Sharon Jones: Remembering the Legendary Soul Performer

Sharon Jones of the Dap-Kings died of pancreatic cancer. She was 60. Photo: RogerEbert.com

Sharon Jones of the Dap-Kings died of pancreatic cancer. She was 60.
Photo: RogerEbert.com

 

Legendary performer and soul singer Sharon Jones of the Dap-Kings lost her battle with pancreatic cancer last Friday at the age of 60.

Sharon Jones’ career is truly remarkable because she rose to fame later in life. Initially when Jones tried to pursue a career in music, executives told her she was “too short, too fat, too black and too old.” The Augusta, Ga born Jones who moved to Bedstuy, Brooklyn at age 4, worked as a security guard at Rikers Island and for Wells Fargo while continuing to pursue her dream. Despite the obstacles, Jones found success with the Dap-Kinds in her early 40s with their first album Dap Dippin’ with Sharon Jones and the Dap-Kings released in 2001. The rest is herstory.

Terry Gross of NPR’s Fresh Air, revisits interviews with legendary singer Sharon Jones of the Dap-Kings, who died of pancreatic cancer last Friday. Gross states:

“We have two interviews to play for you. Sharon Jones has been called the female James Brown. She grew up in his hometown Augusta, Ga., and imitated him as a child. She became known for fronting the band the Dap-Kings. The band’s retro soul sound was also heard on several tracks of Amy Winehouse’s hit album ‘Back To Black,’ including the songs ‘Rehab’ and ‘You Know I’m No Good.'”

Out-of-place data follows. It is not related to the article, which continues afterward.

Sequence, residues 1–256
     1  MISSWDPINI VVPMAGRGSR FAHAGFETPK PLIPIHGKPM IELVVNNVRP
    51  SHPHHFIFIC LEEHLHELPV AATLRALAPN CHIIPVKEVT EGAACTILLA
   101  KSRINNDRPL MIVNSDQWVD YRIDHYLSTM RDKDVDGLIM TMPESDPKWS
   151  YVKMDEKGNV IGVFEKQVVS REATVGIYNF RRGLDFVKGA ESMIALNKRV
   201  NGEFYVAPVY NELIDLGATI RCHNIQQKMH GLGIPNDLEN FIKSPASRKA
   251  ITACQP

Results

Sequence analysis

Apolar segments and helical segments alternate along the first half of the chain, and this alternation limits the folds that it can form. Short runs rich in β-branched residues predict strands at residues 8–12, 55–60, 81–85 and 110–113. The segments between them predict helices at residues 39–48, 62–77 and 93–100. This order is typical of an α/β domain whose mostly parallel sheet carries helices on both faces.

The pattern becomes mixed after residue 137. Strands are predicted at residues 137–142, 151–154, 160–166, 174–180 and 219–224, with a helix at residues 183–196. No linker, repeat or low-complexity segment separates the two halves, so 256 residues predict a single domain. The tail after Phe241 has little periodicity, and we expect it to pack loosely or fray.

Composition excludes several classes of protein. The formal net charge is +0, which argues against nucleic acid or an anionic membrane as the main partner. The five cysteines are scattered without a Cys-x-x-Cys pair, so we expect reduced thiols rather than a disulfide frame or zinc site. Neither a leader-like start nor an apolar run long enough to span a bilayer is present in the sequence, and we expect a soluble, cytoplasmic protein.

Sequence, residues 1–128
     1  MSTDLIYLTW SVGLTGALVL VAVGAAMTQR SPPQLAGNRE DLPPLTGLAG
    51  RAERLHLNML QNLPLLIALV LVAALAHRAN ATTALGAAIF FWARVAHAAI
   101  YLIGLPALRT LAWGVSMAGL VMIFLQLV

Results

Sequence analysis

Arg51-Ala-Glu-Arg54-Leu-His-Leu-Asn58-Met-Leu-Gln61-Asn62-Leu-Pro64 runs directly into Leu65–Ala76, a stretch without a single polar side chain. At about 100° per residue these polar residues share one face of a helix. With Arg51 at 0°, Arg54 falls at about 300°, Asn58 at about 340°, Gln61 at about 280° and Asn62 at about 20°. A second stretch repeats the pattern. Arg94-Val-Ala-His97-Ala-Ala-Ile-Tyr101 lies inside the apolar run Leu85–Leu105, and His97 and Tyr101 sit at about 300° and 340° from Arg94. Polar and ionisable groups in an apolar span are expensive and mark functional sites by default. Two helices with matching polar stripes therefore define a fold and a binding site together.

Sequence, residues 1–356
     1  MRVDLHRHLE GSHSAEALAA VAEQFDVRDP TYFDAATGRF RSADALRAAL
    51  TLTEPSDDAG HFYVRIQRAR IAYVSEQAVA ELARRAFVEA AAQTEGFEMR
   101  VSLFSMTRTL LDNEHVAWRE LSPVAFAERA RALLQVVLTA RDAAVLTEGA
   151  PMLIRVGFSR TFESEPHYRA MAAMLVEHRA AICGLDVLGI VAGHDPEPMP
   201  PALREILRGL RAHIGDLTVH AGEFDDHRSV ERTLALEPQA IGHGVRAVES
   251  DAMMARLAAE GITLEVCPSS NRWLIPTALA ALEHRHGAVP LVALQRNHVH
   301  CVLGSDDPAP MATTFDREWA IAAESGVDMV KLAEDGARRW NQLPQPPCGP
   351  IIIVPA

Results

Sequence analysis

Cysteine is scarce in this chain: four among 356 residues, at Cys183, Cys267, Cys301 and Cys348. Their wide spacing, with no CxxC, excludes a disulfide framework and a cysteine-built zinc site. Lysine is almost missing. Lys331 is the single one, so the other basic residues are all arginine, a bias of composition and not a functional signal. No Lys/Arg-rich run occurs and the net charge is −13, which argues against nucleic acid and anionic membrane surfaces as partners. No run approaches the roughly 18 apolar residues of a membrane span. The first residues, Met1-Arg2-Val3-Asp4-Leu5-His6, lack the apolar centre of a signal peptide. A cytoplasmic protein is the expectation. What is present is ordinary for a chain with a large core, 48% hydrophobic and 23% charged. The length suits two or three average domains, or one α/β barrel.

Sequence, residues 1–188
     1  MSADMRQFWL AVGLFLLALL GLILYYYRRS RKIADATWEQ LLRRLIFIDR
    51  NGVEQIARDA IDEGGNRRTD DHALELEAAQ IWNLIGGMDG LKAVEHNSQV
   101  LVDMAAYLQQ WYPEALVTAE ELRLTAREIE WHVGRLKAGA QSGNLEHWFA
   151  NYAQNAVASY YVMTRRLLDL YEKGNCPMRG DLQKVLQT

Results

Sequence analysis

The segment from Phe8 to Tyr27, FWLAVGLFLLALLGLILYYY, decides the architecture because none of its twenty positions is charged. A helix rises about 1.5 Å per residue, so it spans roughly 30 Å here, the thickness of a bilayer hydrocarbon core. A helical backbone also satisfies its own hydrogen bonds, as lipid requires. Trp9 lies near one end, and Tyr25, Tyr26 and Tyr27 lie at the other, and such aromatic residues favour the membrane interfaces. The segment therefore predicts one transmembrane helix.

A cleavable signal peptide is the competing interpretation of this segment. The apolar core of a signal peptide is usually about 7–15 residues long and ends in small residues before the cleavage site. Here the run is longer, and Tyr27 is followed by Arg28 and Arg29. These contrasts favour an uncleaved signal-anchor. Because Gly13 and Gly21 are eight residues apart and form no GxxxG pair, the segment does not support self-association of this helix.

Gross’ first interview with Jones was recorded in 2007 and also includes Dap-Kings founder Gabriel Roth also known as Bosco Mann.

Gross goes on to interview Sharon Jones last July about her latest album ‘Give the People What They Want,” and Barbara Kopple’s documentary entitled, Miss Sharon Jones. Watch the trailer and an excerpt from the documentary below:

Sharon Jones and the Dap-Kings performed with Prince in July of 2011. Check it out below:

Read Jon Pareles remembrance of Jones for the New York Times here

Sharon Jones was 60-years-old.

This post was curated by Nsenga K. Burton, Ph.D., founder & editor-in-chief of The Burton Wire. Follow her on Twitter @Ntellectual.

Follow The Burton Wire on Instagram and Twitter @TheBurtonWire.

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